CMS Speaker Series
The CMS Speaker Series is dedicated to advancing discourse and learning around contemporary issues in communication and media studies across disciplinary boundaries.
The CMS program brings a diverse roster of speakers to campus to spark intellectual curiosity and engage the campus and Chestertown community in contemporary debate around a wide variety of issues.
For a list of past speakers, student seminars, and public lectures please click here.
The series is overseen and curated by Prof. Kozma with the assistance of Prof. Grosse. Past speakers have been generously supported by the William James Forum Fund, the Business Management Department, and the program in Black Studies.
2019-2020 Speakers & Events
CMS Speaker Series Presents Dr. Robert Mejia
Robert Mejia is an Assistant Professor of Communication at North Dakota State University. He is a critical cultural scholar invested in understanding how politics, economics, culture, and technology are embedded within each other. His article documenting the racial history and infrastructure of contemporary propaganda, “White Lies: A Racial History of the (Post)Truth,” was awarded the 2019 National Communication Association’s outstanding article award from the Critical and Cultural Studies Division.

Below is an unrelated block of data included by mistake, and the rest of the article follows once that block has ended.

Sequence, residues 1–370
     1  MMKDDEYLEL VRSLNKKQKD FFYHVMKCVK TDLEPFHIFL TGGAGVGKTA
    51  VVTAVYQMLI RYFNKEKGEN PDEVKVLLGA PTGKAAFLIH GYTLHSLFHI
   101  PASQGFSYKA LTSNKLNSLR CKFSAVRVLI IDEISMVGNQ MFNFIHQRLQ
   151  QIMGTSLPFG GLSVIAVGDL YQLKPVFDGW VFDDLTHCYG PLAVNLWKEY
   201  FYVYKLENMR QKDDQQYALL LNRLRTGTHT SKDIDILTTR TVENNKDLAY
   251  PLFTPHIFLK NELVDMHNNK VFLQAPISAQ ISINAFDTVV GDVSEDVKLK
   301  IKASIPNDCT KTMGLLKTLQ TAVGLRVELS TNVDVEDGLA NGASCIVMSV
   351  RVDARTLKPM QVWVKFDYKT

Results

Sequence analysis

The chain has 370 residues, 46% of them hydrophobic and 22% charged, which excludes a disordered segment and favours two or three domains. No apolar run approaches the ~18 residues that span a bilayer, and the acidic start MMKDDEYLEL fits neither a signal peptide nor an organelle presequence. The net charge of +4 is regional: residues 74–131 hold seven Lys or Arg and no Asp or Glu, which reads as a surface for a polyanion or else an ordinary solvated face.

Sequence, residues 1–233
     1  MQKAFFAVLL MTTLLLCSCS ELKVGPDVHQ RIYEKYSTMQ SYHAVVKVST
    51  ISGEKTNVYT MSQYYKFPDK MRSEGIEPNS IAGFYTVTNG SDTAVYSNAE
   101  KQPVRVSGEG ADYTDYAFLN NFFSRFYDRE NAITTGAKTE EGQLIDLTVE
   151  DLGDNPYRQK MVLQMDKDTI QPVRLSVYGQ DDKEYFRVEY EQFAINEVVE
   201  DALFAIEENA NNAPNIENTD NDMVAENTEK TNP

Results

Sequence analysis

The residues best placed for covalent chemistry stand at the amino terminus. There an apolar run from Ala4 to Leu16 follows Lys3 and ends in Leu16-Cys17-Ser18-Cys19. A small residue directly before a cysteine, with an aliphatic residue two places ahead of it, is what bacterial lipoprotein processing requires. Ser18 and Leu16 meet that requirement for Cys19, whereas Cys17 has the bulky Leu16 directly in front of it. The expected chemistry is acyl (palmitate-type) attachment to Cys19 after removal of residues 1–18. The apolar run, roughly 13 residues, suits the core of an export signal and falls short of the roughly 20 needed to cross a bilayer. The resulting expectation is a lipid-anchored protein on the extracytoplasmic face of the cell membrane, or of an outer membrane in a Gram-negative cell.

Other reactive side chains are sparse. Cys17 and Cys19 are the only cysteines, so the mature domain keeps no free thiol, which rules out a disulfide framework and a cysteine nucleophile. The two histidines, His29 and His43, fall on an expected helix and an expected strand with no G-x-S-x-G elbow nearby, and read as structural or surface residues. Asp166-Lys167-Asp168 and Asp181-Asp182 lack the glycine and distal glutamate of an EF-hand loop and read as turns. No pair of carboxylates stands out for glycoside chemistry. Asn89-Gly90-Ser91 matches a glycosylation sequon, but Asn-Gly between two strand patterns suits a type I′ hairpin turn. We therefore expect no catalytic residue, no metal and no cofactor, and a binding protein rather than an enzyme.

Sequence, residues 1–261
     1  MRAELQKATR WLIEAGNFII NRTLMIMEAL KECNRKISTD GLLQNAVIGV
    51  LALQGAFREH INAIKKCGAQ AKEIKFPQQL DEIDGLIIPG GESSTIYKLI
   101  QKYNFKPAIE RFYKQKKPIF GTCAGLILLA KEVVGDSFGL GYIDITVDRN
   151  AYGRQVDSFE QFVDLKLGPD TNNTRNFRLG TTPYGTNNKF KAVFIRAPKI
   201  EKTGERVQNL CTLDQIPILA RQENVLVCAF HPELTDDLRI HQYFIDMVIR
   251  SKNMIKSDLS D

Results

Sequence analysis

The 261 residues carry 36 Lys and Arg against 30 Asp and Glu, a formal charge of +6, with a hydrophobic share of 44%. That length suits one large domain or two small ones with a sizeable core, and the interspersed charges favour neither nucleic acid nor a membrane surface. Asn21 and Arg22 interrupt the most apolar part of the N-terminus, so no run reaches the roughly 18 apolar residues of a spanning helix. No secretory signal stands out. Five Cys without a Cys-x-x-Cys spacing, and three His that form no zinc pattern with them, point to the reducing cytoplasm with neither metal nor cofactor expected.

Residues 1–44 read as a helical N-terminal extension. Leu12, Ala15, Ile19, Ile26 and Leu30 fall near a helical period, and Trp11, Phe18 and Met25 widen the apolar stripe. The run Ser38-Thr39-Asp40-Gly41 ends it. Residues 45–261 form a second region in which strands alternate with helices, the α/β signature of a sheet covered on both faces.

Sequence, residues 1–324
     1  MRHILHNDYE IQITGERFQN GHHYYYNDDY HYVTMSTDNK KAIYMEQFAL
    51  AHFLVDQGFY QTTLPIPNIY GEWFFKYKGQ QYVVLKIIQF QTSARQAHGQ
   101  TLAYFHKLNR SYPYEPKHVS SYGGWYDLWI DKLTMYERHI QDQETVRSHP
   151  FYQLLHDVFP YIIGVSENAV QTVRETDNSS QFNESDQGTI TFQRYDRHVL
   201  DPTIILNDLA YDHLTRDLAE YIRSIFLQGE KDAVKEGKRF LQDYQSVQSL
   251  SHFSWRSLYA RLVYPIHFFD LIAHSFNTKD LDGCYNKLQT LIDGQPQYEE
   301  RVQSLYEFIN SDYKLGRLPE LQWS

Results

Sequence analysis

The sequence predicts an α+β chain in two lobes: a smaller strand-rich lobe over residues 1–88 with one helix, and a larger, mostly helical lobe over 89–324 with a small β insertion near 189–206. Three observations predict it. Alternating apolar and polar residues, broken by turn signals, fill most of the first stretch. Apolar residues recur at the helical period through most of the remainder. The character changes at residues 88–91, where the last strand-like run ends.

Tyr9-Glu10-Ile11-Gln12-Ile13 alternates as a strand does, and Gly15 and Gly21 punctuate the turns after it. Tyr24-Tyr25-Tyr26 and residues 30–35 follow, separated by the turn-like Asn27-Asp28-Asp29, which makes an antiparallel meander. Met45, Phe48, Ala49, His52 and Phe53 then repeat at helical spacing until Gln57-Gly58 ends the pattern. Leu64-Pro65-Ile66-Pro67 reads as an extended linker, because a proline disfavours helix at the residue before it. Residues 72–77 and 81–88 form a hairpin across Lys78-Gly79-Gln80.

Dr. Mejia’s visit is generously supported by the Communication and Media Studies Program, The William James Fund, The Center for Environment & Society, and the Department of Environmental Science/Studies.
February 17th | Student Seminar | 1:00pm | Sophie Kerr
The Ethical Limits of Play
The videogame industry and academic field of game studies has tended to treat play as a good in itself, that is, something that possesses intrinsic value: play is unequivocally good. Though critical scholarship does exist, the tendency nonetheless is to distinguish tainted forms of play from good forms of play, which has the effect of leaving the goodness of play in itself intact. This seminar is designed to undermine this assumption of play as having intrinsic value and instead consider under what conditions and for whom is play good for and conversely who is play bad for.
The videogame industry and game studies tends to treat play as something that has intrinsic value: play is unequivocally good. But is play always good? And is it always good for everyone?
February 17th | Public Lecture | 4:30pm | Hynson
Race and Urban Communication Infrastructure
The city operates as a complicated confluence of uneven political, economic, cultural, and environmental interests. Critical geographers and sociologists have documented how the inequitable power dynamics governing these relationships have led to segregated cities. This public lecture builds upon this research to illustrate how communication infrastructure is a fundamental element of urban planning, and how an emphasis on communication can help us to design better cities capable of combating racism and other forms of systemic discrimination.